Industrial production is an indicator that causes some concern about the economy here at Atlas.  All first quarter data has been released, and the results are not favorable.  This measure of output fell at an annual rate of 1.0 percent, the first quarterly decrease since the second quarter of 2009.  Energy prices cannot be fully blamed for the decline since the biggest contributor, manufacturing, contracted overall in the first three months of the year.  In addition, capacity utilization has been falling recently which may add downward pressure to inflation measures.  All of this argues in favor of the central bank delaying its interest rate increases.  Patience will be required as we all wait to see how their policy unfolds.           (by C. Cox)

Cooing Doves

Friday, April 17th, 2015

Central bankers tend to get categorized into one of two camps, doves or hawks.  Those that lean toward a more accommodative approach to monetary policy fall into the dove camp, and the relatively less indulgent are considered hawks.  As financial data are released, they tend to support, incrementally, one side or the other.  Coming into 2015, many thought the economy was strengthening to a level that would allow a more hawkish approach as the year wore on.  Lately there have been some bumps in the road that have made it harder to presume the inevitability of higher overnight rates.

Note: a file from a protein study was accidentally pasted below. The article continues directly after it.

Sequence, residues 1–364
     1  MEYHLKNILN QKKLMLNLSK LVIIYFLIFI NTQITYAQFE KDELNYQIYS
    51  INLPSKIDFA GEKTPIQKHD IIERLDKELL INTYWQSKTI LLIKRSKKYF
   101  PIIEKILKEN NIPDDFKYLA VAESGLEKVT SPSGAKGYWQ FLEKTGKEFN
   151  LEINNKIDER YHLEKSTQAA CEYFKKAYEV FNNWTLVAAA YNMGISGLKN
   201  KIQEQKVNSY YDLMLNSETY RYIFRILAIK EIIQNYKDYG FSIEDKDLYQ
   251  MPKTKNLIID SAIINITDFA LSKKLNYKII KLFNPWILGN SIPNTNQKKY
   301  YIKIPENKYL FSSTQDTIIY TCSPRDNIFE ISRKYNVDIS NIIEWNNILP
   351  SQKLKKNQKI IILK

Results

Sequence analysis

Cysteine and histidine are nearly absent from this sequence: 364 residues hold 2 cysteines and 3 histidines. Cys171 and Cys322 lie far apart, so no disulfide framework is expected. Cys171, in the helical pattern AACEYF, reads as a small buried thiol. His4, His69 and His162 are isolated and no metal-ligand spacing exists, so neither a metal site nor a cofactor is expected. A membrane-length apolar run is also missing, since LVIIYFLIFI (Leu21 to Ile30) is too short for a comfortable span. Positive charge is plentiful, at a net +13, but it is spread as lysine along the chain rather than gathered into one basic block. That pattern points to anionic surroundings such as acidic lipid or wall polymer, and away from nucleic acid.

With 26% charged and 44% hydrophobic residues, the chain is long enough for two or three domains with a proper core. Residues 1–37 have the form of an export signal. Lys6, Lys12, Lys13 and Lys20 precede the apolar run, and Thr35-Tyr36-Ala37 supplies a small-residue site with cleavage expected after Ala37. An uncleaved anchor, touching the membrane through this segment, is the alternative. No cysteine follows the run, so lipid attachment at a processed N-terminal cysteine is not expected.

Economic data are coming in soft relative to a quarter earlier.  Many indicators suggest growth in gross domestic product slowed in the first three months of this year compared to the fourth quarter of 2014 (we’ll know more at the end of this month).  In addition, the most recent jobs data was considerably weaker than its trend.  One of the central bank’s mandates is to promote full-employment, so the unemployment report will garner even more attention in the months ahead because the Federal Reserve needs to know if the pace of improvement in the labor market is slowing.

Along with full-employment, price stability is the other mandate given to our central bank by Congress.  Here, the Federal Reserve’s goal is for inflation to increase by 2.0 percent a year, but this has not been happening according to various measures of price.  Now a recent report from the Bureau of Labor Statistics (BLS) shows prices for imports and exports are deflating!  Atlas mentioned the idea of importing deflation in our note on February 27th, and evidence supporting the concept is mounting.  The BLS shows import prices have collapsed 10.5 percent in the last twelve months.  Of course, the plummeting price of petroleum made a major impact on this figure, but nonfuel prices still deflated 1.9 percent from March 2014 to March 2015.  To stay competitive, American companies may feel a need to price their goods lower to match their imported counterparts, thus likely keeping a lid on higher prices.